News 12 First at Five / Monday, April 22, 2013
AIKEN, S.C. (WRDW) -- Philip Howell, president of the Aiken NAACP Branch, is weighing his options.
"Careless driving. I mean, that sounds like someone hit a squirrel," he said, reacting to the charge given to Tom Woodruff.
Woodruff is the attorney who's accused of driving onto a York Street sidewalk and hitting three people, killing one of them.
The Aiken Department of Public Safety says the investigation has revealed that on Saturday, March 30, Lukisha Nicole Thomas, her son and Ray Charles Wooden Jr. were walking on the sidewalk near the corner of York Street and Eastern Place when a driver jumped the curb and hit both Thomas and Wooden.
Thomas, 29, died while in surgery from multiple body trauma that same day.
Wooden was injured in the accident and was in critical condition until doctors recently updated his status to a stable condition.
In a heated NAACP meeting about a week ago, citizens called for charges like manslaughter, vehicular homicide, even murder.
A week later, the Aiken County Solicitor's Office, along with the city solicitor and Aiken Public Safety, determined only careless driving was the proper charge.
The careless driving ordinance reads that "It shall be unlawful for any person to operate a motor vehicle in a careless manner in disregard of the safety of persons or property upon any street, sidewalk, alley or parking area, public or private, within the corporate limits of the city."
"The state conference NAACP and Dwight James are getting involved," says Howell. "We have friends at SLED, including the chief."
Lt. Karl Odenthal with Aiken Public Safety was frustrated, too.
"It's a tragic event all the way around," he said.
Odenthal had actually had friendly conversations with Thomas before the incident, but he says that's all South Carolina law would allow. He compares the feeling to that he had in 2006, when Aiken County Sheriff's Office Deputy Jason Sheppard died after being hit by an SUV in Batesburg-Leesville. The driver in that case, an elderly woman, faced no charges.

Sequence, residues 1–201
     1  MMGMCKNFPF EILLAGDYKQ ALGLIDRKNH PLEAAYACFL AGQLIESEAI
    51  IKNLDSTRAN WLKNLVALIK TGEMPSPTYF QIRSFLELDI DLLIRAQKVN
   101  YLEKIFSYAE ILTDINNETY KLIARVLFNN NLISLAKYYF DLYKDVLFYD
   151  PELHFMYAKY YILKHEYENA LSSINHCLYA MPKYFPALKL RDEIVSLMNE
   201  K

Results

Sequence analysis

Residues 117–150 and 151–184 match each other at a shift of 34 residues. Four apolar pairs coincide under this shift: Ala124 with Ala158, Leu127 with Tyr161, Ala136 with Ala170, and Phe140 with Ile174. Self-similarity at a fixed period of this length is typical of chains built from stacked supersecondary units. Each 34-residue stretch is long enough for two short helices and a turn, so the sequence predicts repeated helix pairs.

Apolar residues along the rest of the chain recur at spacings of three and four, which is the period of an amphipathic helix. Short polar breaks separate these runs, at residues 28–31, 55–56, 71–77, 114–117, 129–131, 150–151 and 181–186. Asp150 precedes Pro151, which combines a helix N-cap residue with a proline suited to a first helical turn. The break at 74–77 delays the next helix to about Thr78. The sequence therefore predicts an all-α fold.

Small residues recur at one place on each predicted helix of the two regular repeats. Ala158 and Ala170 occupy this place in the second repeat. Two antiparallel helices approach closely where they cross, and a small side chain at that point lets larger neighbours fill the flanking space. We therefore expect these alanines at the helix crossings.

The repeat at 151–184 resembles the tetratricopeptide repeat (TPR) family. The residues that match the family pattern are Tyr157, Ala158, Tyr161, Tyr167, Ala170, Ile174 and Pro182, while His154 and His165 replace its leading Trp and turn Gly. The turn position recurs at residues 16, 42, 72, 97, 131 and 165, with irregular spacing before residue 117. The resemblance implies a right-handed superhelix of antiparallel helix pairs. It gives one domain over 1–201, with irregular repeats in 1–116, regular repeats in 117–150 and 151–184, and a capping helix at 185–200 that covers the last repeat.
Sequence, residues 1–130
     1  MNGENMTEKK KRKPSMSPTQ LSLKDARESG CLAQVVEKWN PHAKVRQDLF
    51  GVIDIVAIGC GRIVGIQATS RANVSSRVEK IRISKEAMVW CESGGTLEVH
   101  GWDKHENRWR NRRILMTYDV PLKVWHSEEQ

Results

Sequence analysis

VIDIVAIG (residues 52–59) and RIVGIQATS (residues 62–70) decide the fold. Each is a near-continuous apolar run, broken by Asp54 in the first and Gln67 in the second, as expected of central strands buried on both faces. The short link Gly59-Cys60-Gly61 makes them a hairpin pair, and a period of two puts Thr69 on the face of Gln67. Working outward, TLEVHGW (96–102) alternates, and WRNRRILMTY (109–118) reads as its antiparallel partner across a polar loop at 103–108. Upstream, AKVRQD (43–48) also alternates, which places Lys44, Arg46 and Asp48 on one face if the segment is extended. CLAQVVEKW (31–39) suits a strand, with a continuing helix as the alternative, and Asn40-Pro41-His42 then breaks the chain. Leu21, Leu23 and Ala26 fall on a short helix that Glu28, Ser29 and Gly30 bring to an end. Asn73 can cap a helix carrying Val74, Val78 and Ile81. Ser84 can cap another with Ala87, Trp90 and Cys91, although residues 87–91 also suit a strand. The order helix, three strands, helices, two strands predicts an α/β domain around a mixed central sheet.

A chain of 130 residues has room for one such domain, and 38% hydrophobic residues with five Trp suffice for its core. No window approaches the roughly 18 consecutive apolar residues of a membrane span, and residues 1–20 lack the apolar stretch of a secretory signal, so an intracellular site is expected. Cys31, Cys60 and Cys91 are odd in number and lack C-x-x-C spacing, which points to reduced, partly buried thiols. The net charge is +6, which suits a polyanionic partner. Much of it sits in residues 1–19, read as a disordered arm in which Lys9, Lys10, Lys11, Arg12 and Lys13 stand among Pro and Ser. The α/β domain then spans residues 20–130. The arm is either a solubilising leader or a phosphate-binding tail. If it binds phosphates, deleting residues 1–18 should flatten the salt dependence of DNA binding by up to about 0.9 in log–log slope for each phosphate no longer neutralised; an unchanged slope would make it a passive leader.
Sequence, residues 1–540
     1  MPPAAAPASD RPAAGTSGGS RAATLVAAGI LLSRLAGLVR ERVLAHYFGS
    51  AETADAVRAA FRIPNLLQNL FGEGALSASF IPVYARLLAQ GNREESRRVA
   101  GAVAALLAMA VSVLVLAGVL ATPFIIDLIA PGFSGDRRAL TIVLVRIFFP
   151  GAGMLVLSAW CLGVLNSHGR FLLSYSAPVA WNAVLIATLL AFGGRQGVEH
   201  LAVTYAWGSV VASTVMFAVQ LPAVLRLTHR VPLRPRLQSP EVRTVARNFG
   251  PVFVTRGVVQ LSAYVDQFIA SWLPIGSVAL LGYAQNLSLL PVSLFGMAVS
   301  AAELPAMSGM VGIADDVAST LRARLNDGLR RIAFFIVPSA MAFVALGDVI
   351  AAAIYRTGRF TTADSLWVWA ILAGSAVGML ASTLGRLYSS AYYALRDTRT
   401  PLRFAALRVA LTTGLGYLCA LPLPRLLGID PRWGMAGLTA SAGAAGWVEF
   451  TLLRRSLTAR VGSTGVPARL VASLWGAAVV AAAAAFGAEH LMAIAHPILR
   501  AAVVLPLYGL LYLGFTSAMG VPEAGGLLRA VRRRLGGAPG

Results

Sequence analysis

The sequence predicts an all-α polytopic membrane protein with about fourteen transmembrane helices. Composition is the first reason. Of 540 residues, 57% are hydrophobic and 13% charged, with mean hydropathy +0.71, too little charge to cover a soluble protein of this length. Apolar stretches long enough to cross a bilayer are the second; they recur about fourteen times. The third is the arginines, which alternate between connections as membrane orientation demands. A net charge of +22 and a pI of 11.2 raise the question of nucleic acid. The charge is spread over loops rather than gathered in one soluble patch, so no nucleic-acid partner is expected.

By law, for reckless vehicular homicide, there has to be "a willful or wanton disregard for the safety of persons," which he says wasn't there. For involuntary manslaughter, criminal negligence is needed, which Odenthal says was also absent.
Additionally, he says Woodruff was only going 41 in a 40 mile per hour zone, he says his cellphone was searched, but nothing was found, and when it comes to DUI, there was no indication that Woodruff was intoxicated by either drugs or alcohol.
"I was there as well, and I'm advanced DUI certified," said Odenthal, adding two more like himself were there. "The other two members of the reconstruction team are actually instructors for advanced DUI detection. No one observed any impairment at all."
By state law, a BAC Datamaster breathalyzer test can't be administered unless Woodruff was formally arrested for DUI. However, a law that took effect in December 2012 states a roadside sobriety test is mandatory in a careless driving incident where a fatality results. However, Thomas was not pronounced dead until several hours after the incident.
But, Odenthal adds that a tearful Woodruff was eager to get his own blood test done only a couple hours later at a doctor's office to dispel rumors that he knew were coming. According to Odenthal, the results were all zeros or negative numbers.
He adds in other states, like Georgia, there are enhancements to the law, and suspects like Woodruff would have likely been arrested and jailed.
"Yeah, there needs to be some laws changed in South Carolina," said NAACP's Howell. "No question about that."
Rep. Bill Clyburn, D-Aiken, says he plans to speak with Howell about a potential legislative fix. Odenthal says Aiken Public Safety would gladly rally behind the effort to change the law.
Woodruff could not be reached for comment, as he was practicing in Camden.
The sister of Thomas, Maria Saxon, says the family will be hosting some kind of media event on Saturday at the incident location. She says the charge does not fit the crime.
Angela Wooden, a family member of the injured Ray Charles Wooden, seemed frustrated by the charge but says she's still focused on Ray's recovery more than anything else.